My shelfie… Claudia Hammond
Stuart Sutherland was my lecturer in my first term at university and had no idea at the time how eminent or brilliant he was. Decades before research on cognitive bias was popularised by behaviour economists, he was way ahead of his time, writing this book, Irrationality, for a general audience. It made me realise just how much psychology can reveal about the way we think. Looking back at this book now, with all the talk of echo chambers and filter bubbles, it feels even more urgent and relevant.
The Science of well-being, edited by Felicia Huppert. The most comprehensive book on research on happiness that I’ve come across.
A Special Scar by Alison Wertheimer. This book influenced me hugely at university and I was thrilled when years later I had the chance to interview Alison Wertheimer. It’s about the impact of suicide on those left behind and it was one of the reasons I wanted to have a career where I could raise awareness of mental health issues as well as psychology.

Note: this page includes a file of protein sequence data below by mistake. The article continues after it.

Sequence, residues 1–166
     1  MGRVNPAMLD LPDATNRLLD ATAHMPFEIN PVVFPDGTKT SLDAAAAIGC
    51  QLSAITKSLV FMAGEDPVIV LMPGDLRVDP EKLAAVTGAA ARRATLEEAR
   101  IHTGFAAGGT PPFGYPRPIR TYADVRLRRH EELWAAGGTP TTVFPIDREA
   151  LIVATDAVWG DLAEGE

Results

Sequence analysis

Forty Studies that Changed Psychology by Roger Hock. This is the book I recommend to students who tell me they’re wondering whether to study psychology at university. If you like this you’ll like psychology.
Man’s Search for Meaning by Victor Frankl. I know lots of people choose this book as one of their favourites, but there’s a good reason for that. I first read this a long time ago and yet it stays with me. Every time I get home and turn on the light in the hallway I remember him saying that in Auschwitz he fantasised about returning to his flat, unlocking the door and going inside, knowing he was safely back home. I turn the light on and it reminds me what a lovely feeling it is to get home and how lucky I am.
And since I’m holding the symbol for #equalpayday I must also include Cordelia Fine’s brilliant Delusions of Gender which has overturned plenty of assumptions I had, when I thought I was a good feminist!
- Find much more from Claudia Hammond in our archive.
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